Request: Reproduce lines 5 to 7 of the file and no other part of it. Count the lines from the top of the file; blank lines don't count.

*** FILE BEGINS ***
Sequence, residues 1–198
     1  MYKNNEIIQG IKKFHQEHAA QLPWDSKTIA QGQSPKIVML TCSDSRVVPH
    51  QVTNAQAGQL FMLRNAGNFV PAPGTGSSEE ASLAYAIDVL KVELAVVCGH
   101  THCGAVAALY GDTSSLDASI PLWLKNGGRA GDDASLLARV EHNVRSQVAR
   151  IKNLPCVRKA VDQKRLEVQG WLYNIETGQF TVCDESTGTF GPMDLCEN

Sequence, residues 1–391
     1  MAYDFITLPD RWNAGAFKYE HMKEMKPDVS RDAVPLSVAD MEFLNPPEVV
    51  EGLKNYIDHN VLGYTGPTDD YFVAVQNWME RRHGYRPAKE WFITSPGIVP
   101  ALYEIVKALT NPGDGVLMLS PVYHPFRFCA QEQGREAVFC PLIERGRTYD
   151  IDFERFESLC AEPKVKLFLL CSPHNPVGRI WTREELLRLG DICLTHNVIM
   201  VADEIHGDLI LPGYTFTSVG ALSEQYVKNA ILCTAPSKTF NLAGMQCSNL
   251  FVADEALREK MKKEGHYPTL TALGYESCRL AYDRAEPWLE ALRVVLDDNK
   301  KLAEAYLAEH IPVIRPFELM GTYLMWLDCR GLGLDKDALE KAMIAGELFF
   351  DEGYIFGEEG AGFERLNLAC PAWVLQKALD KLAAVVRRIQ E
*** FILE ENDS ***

   151  IKNLPCVRKA VDQKRLEVQG WLYNIETGQF TVCDESTGTF GPMDLCEN

Sequence, residues 1–391
     1  MAYDFITLPD RWNAGAFKYE HMKEMKPDVS RDAVPLSVAD MEFLNPPEVV